Historical Research Questions
Which of the following questions would lend themselves well to historical research?
The questions that would lend themselves well to historical research are:-
- What was life like for a woman teacher in the 1920s?
- What were the beginnings of the modern social studies?
- Is the deception of research subjects ever seen as appropriate by students?
- How were women portrayed in 1930s fiction?
- How has the age of children leaving home changed between the years 1920 and 1980?
Primary or Secondary Source?
In the space provided after each of the items listed below, write “P” if the item is a primary historical source or “S” if it is a secondary source.
- An essay written by an eighth grader in 1935 ____P______
- A 1945 photograph of a high school cheerleading squad ____P______
- A magazine article describing a school board meeting in 1920 _____S_____
- A World War II veteran’s description of an air raid ____P______
- A history textbook ____S______
- A description of a scientific experiment carried out by one of the authors of this textbook ____S______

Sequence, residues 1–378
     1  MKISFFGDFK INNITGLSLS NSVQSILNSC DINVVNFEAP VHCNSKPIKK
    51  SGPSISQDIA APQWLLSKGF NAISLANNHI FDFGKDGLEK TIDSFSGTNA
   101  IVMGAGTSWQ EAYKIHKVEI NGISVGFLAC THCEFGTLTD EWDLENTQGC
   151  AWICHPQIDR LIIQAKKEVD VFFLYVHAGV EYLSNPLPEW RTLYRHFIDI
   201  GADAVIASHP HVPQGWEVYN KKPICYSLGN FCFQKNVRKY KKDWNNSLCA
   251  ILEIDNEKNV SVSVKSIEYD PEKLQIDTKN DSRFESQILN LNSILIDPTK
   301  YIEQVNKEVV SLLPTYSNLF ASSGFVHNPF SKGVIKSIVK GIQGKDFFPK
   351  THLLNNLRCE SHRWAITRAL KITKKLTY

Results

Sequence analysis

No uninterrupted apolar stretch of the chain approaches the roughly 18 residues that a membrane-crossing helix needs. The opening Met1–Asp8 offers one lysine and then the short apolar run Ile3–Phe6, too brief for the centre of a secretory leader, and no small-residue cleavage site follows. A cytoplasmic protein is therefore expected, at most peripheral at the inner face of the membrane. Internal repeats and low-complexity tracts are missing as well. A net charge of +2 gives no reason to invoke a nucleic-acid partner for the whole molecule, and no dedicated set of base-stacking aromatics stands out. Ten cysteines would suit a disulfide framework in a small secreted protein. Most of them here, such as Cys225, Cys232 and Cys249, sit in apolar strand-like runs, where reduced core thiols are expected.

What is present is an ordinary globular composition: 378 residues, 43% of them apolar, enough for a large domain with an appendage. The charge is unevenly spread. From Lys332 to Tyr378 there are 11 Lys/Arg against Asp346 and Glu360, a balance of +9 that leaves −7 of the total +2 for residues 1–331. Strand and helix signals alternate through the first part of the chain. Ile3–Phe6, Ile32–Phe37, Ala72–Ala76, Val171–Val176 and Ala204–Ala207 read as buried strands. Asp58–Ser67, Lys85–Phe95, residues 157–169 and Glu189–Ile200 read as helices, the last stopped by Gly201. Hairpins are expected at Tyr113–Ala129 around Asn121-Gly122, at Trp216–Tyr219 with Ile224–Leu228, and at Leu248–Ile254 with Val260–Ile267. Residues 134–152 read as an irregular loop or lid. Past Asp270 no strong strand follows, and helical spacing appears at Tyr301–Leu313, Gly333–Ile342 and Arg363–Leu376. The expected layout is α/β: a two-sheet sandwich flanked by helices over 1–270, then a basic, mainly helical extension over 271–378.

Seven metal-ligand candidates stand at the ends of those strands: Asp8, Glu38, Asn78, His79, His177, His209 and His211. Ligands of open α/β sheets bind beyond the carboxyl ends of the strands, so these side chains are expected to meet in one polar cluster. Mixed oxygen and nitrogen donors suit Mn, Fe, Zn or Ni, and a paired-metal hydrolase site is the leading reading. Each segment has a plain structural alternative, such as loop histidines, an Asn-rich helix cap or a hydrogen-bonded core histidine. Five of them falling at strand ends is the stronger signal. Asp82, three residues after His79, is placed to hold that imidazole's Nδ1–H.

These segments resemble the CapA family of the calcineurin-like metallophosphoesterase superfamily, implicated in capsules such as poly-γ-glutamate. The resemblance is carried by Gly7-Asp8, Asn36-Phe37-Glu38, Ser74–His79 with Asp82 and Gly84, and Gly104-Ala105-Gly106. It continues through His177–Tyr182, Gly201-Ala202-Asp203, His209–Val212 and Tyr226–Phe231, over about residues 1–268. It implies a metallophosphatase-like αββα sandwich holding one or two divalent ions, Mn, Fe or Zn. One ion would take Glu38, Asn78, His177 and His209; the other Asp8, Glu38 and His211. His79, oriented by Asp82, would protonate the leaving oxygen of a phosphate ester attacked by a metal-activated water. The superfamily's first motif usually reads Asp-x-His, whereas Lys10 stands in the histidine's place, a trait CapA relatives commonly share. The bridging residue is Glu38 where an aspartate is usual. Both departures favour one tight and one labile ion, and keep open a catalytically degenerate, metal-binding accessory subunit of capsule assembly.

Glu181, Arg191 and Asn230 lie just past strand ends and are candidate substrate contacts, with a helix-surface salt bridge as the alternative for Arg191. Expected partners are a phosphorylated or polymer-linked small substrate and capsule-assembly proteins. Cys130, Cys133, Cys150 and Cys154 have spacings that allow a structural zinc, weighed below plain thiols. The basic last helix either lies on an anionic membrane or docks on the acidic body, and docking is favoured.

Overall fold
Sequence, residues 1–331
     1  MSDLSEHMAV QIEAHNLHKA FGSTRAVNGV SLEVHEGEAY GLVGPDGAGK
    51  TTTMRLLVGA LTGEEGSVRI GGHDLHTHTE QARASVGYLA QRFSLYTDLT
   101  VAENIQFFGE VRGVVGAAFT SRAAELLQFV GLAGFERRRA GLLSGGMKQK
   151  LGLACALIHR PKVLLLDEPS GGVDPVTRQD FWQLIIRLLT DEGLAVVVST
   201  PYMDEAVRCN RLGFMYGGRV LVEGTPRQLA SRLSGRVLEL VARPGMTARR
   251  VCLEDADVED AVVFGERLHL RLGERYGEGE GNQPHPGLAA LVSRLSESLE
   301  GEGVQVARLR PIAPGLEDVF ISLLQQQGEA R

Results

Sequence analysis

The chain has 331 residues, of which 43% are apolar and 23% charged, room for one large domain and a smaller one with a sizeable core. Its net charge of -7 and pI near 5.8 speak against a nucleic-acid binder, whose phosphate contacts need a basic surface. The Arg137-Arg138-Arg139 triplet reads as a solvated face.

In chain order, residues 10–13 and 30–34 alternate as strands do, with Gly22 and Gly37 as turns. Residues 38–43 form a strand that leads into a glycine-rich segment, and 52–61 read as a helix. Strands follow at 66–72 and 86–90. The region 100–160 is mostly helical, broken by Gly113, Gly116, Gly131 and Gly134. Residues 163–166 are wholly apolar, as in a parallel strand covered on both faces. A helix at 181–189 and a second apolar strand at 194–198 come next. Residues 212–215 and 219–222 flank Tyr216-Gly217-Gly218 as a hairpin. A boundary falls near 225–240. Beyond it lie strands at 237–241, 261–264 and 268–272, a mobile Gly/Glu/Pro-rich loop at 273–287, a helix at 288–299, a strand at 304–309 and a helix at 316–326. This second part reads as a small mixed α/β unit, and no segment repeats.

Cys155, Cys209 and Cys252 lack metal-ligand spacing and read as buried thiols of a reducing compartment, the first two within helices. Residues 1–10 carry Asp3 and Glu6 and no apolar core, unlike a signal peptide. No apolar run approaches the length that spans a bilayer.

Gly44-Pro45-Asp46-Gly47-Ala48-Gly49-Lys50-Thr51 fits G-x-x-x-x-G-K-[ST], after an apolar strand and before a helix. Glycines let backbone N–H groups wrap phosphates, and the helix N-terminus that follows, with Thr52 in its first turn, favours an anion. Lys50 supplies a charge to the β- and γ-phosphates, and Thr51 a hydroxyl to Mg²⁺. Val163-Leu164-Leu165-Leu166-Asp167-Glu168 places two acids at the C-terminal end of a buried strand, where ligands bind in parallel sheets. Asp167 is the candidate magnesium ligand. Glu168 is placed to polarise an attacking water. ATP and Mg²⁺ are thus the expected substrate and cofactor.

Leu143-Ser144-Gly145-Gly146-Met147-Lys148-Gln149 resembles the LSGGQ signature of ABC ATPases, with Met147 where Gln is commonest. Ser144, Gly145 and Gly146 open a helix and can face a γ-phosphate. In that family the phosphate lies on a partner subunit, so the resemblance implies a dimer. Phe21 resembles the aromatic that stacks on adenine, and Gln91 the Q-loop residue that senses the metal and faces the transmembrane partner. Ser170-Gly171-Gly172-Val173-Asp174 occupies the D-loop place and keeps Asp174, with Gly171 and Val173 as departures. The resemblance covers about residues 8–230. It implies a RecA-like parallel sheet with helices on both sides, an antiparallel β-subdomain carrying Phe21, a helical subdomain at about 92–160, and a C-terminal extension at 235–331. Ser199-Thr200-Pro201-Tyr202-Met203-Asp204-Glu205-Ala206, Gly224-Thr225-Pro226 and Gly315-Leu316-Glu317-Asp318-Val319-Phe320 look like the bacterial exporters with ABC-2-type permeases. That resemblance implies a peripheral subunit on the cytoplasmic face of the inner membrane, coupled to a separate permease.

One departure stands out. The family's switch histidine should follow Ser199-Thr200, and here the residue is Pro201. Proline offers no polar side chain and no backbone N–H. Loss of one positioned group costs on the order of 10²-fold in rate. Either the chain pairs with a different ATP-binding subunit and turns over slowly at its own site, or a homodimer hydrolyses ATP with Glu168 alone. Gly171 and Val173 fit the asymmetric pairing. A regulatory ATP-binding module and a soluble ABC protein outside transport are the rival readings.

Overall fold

- A complete set of the Encyclopedia Britannica for years 1949-1953 _____S_____
- Music charts composed for use by the Benny Goodman sextet in the 1930s ___P_____
- A newspaper editorial commenting on the death of John F. Kennedy _____S_____
What Kind of Historical Source?
- A researcher that wishes to investigate changes in high school graduation requirements since 1900 might investigate the following hypothesis: “Gown with the Wind: Graduation Requirements now a breeze, 1900-2014”. The researcher might consult high school magazines from 1900 onward as well as teachers in today’s school system in order to make a comparison.
- A researcher might be cautious about the following sources for the reasons below:-
- A typewriter imprinted with the name “Christopher Columbus.” – Typewriters were not yet invented in Christopher Columbus’ time. A manufacturer could have written the name on it to get attention to his product.